What is an illegal fishing method
EU labeling requirement for fishing methods
In order to be able to understand the respective catching method of the fish in addition to the trade name, production method (e.g. wild catch or aquaculture) and fishing area, the EU has introduced a corresponding labeling requirement. Unfortunately, the directive only provides for a rather rough labeling; it hardly allows any conclusions to be drawn as to which of the different fishing methods was used. More precise information is only voluntary and even this still does not indicate the exact method of fishing. This becomes clear using the example of the mandatory labeling provided for the »hooks and long lines« method:
On the one hand, the name of this method can stand for the somewhat less damaging, "classic" fishing rod. Or it is a "longline" on which thousands of live bait fish are impaled over a length of up to 100 km. These should attract the desired fish. However, there are longlines that are hauled in relatively quickly, but also those in which the caught fish are painfully "hooked" for hours. In addition, a longline causes a lot of bycatch and attracts birds, which can be fatally injured on the hook. With the mandatory labeling (here: "hooks and long lines"), it remains unclear for the consumer how much the fishing method really pollutes the environment and animals.
The animal welfare organization fair-fish proposes a more precise labeling based on animal and environmental pollution, which we fundamentally support.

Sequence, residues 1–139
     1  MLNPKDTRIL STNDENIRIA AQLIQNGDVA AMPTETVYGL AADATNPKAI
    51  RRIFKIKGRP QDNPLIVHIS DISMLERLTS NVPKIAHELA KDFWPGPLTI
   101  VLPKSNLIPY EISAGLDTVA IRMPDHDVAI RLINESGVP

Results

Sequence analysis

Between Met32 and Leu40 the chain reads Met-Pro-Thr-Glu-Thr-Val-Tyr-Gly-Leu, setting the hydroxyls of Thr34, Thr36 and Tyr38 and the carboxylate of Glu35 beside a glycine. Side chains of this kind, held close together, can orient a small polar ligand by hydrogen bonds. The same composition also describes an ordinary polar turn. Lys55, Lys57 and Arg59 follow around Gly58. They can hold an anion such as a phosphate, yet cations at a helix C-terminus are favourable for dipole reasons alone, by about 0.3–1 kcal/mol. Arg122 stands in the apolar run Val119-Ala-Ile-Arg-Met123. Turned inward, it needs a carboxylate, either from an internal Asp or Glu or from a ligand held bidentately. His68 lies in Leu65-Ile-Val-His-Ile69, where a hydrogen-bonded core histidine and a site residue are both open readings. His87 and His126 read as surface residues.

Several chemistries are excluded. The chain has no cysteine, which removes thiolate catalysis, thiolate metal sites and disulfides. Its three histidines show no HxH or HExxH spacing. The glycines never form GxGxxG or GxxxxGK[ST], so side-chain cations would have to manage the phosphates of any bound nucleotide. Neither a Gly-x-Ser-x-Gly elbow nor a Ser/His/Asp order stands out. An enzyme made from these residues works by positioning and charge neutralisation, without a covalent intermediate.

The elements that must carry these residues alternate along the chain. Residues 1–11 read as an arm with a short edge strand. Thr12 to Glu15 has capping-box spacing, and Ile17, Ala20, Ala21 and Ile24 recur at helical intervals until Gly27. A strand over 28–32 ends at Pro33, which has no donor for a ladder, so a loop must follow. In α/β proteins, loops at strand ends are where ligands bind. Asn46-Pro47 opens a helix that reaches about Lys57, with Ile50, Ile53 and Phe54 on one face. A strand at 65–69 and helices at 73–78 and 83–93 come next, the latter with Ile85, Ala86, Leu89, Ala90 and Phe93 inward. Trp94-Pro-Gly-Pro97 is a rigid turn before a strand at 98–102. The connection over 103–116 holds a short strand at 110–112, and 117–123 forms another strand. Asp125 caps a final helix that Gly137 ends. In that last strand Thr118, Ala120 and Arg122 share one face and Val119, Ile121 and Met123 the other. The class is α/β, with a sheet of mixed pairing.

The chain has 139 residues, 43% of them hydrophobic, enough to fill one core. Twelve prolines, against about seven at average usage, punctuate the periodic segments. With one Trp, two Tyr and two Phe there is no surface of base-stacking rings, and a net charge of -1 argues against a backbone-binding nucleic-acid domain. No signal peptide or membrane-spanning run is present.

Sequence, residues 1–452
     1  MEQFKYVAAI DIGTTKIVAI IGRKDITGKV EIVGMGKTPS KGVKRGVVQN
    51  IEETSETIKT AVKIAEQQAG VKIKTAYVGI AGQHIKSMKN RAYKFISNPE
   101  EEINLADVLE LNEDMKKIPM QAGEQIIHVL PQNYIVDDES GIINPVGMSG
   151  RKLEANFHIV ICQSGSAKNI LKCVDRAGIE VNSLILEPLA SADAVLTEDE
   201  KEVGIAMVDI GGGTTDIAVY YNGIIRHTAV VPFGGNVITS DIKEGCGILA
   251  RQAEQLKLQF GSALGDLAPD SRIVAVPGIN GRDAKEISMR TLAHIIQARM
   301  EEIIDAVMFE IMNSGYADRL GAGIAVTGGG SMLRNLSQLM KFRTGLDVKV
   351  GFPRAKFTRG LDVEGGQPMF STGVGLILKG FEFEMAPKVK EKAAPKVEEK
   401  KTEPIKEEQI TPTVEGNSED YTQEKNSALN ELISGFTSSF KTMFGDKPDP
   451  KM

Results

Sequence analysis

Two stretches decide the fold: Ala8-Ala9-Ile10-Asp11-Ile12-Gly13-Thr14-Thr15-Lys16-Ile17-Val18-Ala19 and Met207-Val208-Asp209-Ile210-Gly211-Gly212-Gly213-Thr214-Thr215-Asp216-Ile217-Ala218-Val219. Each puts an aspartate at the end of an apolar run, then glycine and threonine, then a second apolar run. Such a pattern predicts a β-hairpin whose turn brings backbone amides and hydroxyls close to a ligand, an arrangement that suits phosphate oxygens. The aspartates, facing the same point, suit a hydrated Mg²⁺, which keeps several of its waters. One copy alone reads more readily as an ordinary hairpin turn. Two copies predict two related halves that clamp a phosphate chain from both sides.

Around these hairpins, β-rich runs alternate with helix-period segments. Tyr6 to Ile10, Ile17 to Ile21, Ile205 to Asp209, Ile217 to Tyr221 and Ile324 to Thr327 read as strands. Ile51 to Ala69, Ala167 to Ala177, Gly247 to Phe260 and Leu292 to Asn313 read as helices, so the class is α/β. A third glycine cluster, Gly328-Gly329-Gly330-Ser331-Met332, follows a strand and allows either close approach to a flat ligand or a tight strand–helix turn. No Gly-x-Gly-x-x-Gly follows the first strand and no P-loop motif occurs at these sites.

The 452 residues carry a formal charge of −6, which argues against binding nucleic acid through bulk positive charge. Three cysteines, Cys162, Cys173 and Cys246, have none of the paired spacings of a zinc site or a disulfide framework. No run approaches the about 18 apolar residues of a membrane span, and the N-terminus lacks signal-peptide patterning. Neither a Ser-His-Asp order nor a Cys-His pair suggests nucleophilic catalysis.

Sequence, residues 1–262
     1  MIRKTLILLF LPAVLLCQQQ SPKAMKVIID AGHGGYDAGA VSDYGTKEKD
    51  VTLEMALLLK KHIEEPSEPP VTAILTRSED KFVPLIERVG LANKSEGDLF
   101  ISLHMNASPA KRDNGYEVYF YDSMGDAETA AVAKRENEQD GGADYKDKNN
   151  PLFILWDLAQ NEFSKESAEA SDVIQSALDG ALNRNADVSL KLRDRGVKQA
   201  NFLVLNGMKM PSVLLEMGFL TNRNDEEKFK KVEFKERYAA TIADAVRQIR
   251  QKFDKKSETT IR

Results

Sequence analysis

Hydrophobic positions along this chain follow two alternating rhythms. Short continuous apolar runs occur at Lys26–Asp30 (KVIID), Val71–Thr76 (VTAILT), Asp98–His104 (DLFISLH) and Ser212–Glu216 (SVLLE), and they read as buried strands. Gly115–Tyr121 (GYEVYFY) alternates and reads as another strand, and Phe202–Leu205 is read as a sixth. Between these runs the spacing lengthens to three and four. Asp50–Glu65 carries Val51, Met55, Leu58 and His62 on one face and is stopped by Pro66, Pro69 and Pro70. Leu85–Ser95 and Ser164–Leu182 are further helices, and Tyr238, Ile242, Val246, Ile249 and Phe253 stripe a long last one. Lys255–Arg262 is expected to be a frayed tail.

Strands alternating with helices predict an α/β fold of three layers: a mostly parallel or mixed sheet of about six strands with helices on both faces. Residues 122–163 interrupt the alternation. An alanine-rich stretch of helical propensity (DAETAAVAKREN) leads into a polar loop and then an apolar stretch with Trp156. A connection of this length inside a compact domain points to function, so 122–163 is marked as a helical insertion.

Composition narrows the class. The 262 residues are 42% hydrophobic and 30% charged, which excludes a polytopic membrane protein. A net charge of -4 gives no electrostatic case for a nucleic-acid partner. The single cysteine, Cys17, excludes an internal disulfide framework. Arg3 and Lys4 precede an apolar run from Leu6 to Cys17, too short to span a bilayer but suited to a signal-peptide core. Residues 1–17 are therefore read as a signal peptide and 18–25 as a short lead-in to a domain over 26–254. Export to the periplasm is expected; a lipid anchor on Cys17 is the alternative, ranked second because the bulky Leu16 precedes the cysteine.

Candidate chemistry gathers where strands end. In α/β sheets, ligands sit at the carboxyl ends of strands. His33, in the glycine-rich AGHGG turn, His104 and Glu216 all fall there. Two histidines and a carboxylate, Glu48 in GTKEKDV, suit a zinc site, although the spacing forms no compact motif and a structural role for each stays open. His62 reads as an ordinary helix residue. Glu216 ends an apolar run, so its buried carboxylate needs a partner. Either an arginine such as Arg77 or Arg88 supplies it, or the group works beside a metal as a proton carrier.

Killing the fish
Most commercially caught fish, if alive, are not stunned when brought on board. They either choke in the air or they die while being gutted alive and conscious. Sometimes the fish are also placed on blocks of ice or in ice water after being hauled in, which is likely to increase and prolong their suffering.
In a Dutch study, the time was measured until the caught fish lost consciousness. Depending on the species and handling, it was 55 minutes to over 4 hours if the animals were allowed to suffocate, or 25 to 65 minutes if the fish started to be eviscerated after being hauled in. During this time, the animals suffer from stress, which v. a. Another reason is that they are not in their natural element, water.
Environmental impact of fishing
The imbalance in the ecosystems caused by overfishing has fatal consequences for food chains and interdependencies between the individual fish species as well as for the entire habitat. Species, whose natural enemies are "fished away", spread uncontrollably. If, for example, the number of fish that eat zooplankton increases due to the loss of the predator, then the latter decreases. Phytoplankton, on the other hand, multiply unchecked when there is less zooplankton and therefore less predators - an algal bloom occurs. The fading algae sink into the depths where bacteria, which need oxygen, decompose them. When oxygen becomes scarce, oxygen-free death zones are created in the sea.